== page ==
Finally, O’Brien said she’d take the job if and only if Charles Gehrke called her. She had no interest in working with someone who wasn’t as determined about the project as she would be.

Several months later, Gehrke called O’Brien to set up a lunch meeting. During that first meeting, the last crucial hurdle came when O’Brien asked Gehrke if he wanted a biography that glossed over anything unpleasant or would she have the freedom to tell about whatever she found? The answer was tell it the way it was.

A fine pairing indeed. The two worked together from 2007 until Gehrke’s 2009 death. Then O’Brien continued to finish the book, using archival materials Gehrke had had stored in his basement, documents from the University of Missouri archives and family archives. Research for the book included interviews with dozens of Gehrke’s family members, friends, associates and former scientist colleagues.

The book, said John Bucksath, an employee of ABC Labs from 1989-2015, including three years as president and CEO, is accurate and concise, and reveals the chemistry that made Gehrke special. He noted, “Anyone who thinks they know Dr. Gehrke’s story should read this book to truly understand the man’s contribution not only to science, but his legacy to his family, the Columbia, Missouri community and beyond.”

The book signing and reading will include a more prosaic pairing. It will include light refreshments and soft drinks and wine for adults. The book will be for sale with or without the signature of the author.

Come and learn how the book went from a son’s suggestion to a biography of a man who rose from poverty to scientific stature that led to his opportunity to analyze moon rocks and start a company that employed 300 people prior to its 2015 buyout by EAG Laboratories.

 

 

 

Four solutions to an over-packed schedule June 15, 2017

Posted by diannaobrien in Charles W. Gehrke General, Events.
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Yikes! I know the feeling. You just can’t fit everything in and you’re not going to be able to attend the 5-7 p.m. Thursday, June 22 reading of From Melon Fields to Moon Rocks at the Boone County Historical Society. But you still want to get your hands on that book!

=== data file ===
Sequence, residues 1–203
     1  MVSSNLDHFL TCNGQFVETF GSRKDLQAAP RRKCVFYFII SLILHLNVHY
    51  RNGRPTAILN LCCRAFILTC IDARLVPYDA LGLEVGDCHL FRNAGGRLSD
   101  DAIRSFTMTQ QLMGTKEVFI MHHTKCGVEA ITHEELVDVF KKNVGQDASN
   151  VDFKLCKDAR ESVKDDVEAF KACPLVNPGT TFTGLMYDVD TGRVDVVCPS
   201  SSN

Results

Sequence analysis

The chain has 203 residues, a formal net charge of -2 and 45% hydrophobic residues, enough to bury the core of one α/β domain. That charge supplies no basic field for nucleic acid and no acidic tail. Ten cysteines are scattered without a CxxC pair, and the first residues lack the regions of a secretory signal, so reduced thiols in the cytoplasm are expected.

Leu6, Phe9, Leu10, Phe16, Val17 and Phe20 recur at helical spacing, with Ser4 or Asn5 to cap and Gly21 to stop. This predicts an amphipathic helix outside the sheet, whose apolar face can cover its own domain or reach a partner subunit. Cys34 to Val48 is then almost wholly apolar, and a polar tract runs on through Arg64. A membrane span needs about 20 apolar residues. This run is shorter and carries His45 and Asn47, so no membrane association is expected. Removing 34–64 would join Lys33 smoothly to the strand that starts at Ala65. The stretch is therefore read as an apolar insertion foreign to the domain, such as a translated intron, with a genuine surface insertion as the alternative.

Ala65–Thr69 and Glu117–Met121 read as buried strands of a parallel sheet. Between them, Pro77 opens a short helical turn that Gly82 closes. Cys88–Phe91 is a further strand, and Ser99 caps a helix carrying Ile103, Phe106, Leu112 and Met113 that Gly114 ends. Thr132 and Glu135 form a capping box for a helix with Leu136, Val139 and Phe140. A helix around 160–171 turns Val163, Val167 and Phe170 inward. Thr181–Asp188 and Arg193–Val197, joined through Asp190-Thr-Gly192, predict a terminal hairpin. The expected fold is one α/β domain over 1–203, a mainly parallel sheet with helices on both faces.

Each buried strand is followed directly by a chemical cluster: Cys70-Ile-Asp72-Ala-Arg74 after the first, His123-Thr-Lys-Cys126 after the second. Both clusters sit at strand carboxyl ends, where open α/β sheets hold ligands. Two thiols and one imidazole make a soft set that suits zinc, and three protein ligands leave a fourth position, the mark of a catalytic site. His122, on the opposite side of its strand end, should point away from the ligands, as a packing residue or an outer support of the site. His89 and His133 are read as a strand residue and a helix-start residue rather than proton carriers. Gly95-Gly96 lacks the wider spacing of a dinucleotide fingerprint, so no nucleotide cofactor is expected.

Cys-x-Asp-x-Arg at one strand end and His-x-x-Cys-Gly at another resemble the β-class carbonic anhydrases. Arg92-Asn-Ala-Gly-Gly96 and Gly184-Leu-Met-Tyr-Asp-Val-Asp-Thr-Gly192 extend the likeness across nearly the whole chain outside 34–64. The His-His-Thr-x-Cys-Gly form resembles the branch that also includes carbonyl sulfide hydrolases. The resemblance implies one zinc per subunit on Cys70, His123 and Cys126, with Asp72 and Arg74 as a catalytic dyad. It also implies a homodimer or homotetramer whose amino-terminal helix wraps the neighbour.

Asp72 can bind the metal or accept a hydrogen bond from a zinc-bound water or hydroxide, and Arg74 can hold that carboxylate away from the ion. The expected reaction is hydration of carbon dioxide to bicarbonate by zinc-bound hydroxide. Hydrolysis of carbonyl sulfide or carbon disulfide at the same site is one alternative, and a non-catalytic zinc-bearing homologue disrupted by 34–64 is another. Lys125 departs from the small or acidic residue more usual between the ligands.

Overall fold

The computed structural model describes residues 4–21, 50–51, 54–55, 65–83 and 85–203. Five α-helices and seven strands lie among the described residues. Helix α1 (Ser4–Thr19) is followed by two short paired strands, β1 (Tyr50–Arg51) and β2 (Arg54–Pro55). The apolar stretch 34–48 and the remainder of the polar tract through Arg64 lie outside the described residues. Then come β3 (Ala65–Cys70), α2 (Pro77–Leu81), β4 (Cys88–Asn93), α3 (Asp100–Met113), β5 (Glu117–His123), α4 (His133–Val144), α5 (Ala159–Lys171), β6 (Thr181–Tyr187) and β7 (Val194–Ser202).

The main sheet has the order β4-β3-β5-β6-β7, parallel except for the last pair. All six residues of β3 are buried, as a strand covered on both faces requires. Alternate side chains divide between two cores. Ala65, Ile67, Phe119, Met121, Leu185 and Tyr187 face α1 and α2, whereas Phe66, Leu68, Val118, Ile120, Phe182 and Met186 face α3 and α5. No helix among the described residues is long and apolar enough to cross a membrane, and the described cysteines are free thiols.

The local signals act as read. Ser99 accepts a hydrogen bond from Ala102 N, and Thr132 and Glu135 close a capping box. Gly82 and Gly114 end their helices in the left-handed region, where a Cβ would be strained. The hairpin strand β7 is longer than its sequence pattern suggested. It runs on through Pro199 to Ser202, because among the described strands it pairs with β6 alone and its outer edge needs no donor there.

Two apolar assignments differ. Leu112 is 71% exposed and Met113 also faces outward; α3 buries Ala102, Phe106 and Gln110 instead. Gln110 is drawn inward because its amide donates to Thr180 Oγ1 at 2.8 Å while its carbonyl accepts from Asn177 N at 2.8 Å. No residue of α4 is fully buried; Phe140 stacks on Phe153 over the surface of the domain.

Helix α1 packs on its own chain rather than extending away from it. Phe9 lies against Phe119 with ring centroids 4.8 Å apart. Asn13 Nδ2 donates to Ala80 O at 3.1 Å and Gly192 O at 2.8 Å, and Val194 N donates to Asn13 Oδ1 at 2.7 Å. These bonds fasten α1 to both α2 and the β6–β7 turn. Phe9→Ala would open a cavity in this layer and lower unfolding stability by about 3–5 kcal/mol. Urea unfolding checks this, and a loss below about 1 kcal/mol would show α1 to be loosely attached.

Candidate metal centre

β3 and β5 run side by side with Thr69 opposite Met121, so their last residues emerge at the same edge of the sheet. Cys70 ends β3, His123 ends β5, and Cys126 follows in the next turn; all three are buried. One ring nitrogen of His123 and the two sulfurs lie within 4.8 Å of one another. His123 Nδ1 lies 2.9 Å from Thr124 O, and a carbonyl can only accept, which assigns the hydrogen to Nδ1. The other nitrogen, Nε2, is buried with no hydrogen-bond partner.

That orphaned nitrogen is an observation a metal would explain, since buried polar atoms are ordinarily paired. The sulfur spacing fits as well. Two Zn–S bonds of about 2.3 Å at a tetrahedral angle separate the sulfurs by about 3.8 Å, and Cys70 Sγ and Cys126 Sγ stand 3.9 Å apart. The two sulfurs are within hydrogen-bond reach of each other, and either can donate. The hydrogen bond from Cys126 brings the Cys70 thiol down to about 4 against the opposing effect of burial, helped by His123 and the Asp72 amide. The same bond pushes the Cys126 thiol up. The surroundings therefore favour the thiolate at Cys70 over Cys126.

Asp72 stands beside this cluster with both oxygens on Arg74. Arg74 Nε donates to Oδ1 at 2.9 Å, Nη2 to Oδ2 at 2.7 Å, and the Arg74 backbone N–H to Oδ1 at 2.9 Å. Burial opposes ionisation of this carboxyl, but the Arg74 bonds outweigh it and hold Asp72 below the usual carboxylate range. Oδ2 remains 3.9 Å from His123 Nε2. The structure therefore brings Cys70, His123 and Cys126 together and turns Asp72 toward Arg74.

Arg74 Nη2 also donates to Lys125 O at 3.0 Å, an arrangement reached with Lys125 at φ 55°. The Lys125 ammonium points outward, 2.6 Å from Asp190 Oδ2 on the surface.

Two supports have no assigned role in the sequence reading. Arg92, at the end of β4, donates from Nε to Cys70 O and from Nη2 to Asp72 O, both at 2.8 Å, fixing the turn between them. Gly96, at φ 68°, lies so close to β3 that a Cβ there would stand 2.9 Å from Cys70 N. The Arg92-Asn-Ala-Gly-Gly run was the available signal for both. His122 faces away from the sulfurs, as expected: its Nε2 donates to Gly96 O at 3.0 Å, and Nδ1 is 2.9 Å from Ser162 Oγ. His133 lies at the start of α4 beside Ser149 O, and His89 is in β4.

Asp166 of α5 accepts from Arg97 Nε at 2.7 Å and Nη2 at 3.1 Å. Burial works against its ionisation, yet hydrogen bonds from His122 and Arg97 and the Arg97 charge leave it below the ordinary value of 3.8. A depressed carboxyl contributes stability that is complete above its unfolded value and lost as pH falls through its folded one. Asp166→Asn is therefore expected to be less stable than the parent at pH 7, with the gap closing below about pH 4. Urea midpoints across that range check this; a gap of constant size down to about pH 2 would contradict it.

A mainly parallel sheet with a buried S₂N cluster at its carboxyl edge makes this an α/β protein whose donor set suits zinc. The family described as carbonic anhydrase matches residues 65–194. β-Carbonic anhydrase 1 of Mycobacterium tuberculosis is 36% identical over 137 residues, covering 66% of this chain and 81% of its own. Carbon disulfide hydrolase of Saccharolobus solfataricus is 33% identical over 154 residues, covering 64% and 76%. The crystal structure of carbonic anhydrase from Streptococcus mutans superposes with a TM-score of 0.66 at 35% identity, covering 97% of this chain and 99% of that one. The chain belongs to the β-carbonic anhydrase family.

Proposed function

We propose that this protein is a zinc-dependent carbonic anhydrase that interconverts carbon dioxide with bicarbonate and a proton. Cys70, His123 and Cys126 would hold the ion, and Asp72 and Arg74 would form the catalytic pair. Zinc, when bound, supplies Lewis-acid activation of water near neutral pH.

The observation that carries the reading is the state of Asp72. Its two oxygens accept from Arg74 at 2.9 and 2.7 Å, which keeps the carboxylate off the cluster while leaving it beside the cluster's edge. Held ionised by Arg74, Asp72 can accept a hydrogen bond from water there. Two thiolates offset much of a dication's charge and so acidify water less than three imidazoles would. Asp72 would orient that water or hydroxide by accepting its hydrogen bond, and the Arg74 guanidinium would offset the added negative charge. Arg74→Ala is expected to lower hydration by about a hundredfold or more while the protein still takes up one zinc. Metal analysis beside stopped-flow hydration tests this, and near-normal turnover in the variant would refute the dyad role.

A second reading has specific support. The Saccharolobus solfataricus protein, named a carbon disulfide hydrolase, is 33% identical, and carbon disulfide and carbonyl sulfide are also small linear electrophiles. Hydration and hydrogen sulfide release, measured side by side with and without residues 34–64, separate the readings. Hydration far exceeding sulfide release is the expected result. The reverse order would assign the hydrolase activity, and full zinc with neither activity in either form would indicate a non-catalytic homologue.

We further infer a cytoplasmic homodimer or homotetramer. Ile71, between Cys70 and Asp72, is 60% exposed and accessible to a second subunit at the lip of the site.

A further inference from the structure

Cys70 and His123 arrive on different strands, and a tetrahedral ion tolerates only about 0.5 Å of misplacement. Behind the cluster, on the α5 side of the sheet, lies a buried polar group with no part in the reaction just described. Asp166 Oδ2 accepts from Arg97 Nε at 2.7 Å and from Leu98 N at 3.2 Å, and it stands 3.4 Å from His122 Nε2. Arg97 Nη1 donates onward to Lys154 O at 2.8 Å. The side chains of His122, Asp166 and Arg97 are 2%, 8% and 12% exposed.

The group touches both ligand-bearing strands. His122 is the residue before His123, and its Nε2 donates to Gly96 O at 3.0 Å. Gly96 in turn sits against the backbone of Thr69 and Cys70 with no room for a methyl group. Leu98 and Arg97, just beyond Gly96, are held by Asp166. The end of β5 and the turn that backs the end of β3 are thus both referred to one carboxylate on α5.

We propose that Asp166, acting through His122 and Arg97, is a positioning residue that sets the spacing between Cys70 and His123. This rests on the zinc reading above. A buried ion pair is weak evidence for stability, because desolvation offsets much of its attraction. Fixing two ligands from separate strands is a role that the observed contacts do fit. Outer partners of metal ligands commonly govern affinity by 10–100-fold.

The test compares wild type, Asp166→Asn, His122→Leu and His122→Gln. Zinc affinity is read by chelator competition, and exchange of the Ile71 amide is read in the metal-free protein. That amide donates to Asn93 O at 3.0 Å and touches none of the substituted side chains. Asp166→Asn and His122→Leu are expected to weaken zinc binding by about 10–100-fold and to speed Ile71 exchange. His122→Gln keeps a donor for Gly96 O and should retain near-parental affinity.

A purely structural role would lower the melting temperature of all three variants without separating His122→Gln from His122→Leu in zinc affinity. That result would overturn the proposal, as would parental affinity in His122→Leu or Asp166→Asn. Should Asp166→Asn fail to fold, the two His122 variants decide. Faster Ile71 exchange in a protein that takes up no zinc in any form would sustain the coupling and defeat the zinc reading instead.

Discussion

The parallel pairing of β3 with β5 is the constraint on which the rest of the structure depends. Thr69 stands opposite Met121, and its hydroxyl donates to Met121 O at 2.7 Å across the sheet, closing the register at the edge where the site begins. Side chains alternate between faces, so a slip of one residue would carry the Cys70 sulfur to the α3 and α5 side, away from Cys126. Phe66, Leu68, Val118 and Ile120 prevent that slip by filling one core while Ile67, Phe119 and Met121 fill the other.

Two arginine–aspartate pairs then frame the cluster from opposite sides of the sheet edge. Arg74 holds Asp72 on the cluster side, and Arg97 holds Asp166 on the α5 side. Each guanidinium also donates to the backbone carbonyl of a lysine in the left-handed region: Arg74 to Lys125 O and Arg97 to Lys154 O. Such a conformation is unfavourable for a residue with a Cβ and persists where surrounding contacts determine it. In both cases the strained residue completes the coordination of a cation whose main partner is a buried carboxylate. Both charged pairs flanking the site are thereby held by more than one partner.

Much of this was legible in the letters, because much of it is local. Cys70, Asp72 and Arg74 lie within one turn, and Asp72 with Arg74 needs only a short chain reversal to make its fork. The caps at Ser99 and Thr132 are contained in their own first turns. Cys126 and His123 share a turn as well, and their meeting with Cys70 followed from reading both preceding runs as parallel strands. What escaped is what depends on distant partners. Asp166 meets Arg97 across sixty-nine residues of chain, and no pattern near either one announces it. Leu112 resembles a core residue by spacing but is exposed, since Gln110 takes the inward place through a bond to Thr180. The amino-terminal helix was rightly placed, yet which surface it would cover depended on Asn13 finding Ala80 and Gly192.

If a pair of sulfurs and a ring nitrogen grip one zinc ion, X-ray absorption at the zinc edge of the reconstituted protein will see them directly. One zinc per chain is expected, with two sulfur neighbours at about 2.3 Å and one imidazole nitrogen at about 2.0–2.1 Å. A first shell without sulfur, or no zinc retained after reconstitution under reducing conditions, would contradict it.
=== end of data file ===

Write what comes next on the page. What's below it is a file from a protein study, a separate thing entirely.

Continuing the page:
Charles W. Gehrke, circa 1928.

Charles W. Gehrke as a boy, circa 1928.

Aside from the tragedy of not getting to enjoy the mini-cupcakes at the reading, don’t worry. Here are four ways to get the book without coming to the reading.

Come to see me at 11 a.m. on Saturday at Barnes & Noble in the Columbia Mall for local author’s day. I’ll be there with bookmarks to hand out! I’ll have chocolate, too. Not mini-cupcakes, but close.

  • Yellow Dog Bookshop at 8 S. Ninth St. — Yes, that cute little bookshop downtown right across the street from Sparky’s Homemade Ice Cream — almost like mini-cupcakes! — Has the book on its shelves.
  • Contact me via this website and I’ll mail the book to you! Easy peasy, through the old fashioned snail mail system for $20 plus tax and shipping. And you don’t even have to get out of your jammies. Just click below.Buy Now Button 
  • The book is on amazon.com, too! I haven’t checked, but you could probably order mini-cupcakes from the online behemoth. Again, all in your jammies.

If none of these options work, really, I’d love to see you at the book reading at the Boone County Historical Society at 3801 Ponderosa St. It’s just 5-7 p.m. and I’ll even sign your book for you!